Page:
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How Global Manufacturers Size Up States for Relocation

Lessons from the LEGO Group.

Virginia is for lovers, as the Commonwealth’s iconic slogan indicates. The LEGO Group certainly thought highly enough of the Old Dominion to select it as the site of its US-based manufacturing hub. In this post, we will pose the simple question, why Virginia?

According to LEGO’s CEO Niels B. Christiansen, the company’s decision about the location came down to three factors:

“a skilled workforce, support for high-quality manufacturers, and great transport links.”

Let’s unpack this statement, and take a closer look at the workforce, financial incentives from the state (our interpretation of “support”) for manufacturers, and transportation infrastructure in Virginia, to understand why LEGO fell in love with the Commonwealth.

First off, Virginia boasts a strong existing workforce, as well as a solid education pipeline. A right-to-work state, the Old Dominion consistently emerges at the top of annual rankings for its labor pool, and Chesterfield County, where LEGO will build its facility, contributes to that reputation. According to the county, its labor pool is vast and deep, with more than 186,000 workers within county lines and a regional draw of almost 672,000 workers. Virginia is not among the states known for powerful workforce training engines (e.g., Georgina, Louisiana, Kentucky), but makes strategic use of the military, a source of well-trained labor. Each year, thousands of young people, many with school-aged children, leave area Army, Navy, and Air Force bases for civilian jobs in the region. And why should they leave? Virginia’s K-12 education system typically ranks in the nation’s top tier and is especially competitive with regard to STEM and technology preparation, the lifeblood of innovation. The Commonwealth’s public higher education system includes outstanding institutions with national reputations like the University of Virginia and the College of William and Mary.

Second, although Virginia is not as well recognized as other southern states (e.g., Tennessee, North Carolina) for either the economic incentive packages it offers or its manufacturing base, its standing ranks well nationally. According to the Virginia Manufacturing Association, the Commonwealth steadily gained manufacturing jobs during the pandemic and its overall manufacturing competitiveness now places the Commonwealth in the top 10 states. Strengthening Virginia’s hand is a slate of state-funded programs that are made even stronger by a legislative commission, the Major Employment and Investment (MEI) Commission, established in 2009 (and revamped in 2015 and 2017) to review and grant preliminary approval of high price tag incentive packages. For the LEGO Group, the MEI Commission approved a custom performance grant of $56 million (subject to LEGO’s meeting investment and job creation targets) and $19 million in site development funds. A new workforce development initiative managed by the Virginia Economic Development Partnership (VDEP), the Virginia Talent Accelerator Program, will provide the LEGO Group with customized recruitment and training services. Other manufacturers may follow the LEGO Group’s path to the Old Dominion. According to VDEP, half of its pipeline centers on manufacturing projects.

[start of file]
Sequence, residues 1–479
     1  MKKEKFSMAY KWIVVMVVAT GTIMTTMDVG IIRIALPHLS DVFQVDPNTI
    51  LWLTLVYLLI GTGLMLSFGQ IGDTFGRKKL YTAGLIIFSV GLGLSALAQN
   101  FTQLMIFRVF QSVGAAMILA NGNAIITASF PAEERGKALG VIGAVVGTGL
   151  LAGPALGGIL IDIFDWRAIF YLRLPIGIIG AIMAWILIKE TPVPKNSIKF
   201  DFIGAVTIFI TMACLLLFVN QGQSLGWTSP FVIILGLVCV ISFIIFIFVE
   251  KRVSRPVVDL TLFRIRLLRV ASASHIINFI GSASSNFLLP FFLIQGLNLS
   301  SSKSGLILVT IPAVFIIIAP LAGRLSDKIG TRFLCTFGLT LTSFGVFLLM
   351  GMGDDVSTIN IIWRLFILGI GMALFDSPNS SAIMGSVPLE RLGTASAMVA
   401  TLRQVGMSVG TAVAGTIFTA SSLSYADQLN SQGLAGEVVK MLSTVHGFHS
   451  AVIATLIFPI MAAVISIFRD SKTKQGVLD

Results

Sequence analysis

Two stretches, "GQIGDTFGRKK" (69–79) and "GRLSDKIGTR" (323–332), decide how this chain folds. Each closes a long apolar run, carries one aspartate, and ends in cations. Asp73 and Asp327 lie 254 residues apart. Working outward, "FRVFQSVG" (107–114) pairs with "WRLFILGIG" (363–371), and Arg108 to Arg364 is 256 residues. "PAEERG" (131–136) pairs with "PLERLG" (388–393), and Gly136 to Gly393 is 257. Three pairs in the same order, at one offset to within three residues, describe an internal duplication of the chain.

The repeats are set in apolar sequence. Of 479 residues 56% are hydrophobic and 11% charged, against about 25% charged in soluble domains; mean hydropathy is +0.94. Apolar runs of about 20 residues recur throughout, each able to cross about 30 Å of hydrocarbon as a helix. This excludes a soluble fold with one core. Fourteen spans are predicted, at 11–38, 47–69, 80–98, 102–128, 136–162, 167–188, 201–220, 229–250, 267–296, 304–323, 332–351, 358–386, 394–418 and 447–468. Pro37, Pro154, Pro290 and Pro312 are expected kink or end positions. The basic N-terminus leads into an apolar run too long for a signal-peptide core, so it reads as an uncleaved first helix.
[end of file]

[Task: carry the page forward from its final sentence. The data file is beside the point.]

Finally, contrary to the LEGO Group’s overly complimentary assertion, Virginia’s transportation infrastructure is only so so, but there is evidence that it is on an upward trend. Chronic problems with its surface transportation are being addressed through improvements to the Hampton-Roads Bridge Tunnel and I-64, to be completed in November 2025. These improvements will increase capacity, ease congestion, and enhance travel time reliability along a ten-mile stretch of road. For manufacturers, the bridge tunnel project is critical because of its proximity to the Port of Virginia, the fifth largest in the nation. The Port includes up to four deep water marine terminals, an upriver terminal, and an inland intermodal terminal. When dredging is complete in 2024, the Port will again be the deepest port on the US East Coast. In addition to serving as a gateway to international markets, the Port is within a day’s (truck) drive of nearly two-thirds of the U.S. population, and its connections to the Norfolk Southern and CSX railways provide access to population centers in the Midwest and further west.

So, the LEGO Group is spot on in its assessment that Virginia brings the company a skilled workforce, support for high-quality manufacturers, and great transport links. Hard to know which of these factors, if any, represented a tipping point, since offers from other states also played a key role in the company’s decision. If Borderland Partners had to guess, we would say the combination of the economic incentive, which was large for a consumer goods manufacturer, coupled with the transportation improvements, which will come online around the same time as LEGO’s new plant begins operations, sealed the deal.

Does this mean that other states need only copy Virginia’s incentive package to emulate its success in attracting global manufacturers? The short answer is, no. Even as the LEGO Group starts construction in Chesterfield County, it is expanding its efforts in Mexico. The LEGO Group’s decision to reinvest in Mexico illustrates that states face another source of competition as they seek to lure manufacturers. We will take a look at the competition originating south of the US border in our next blog, again using LEGO as a point of departure.

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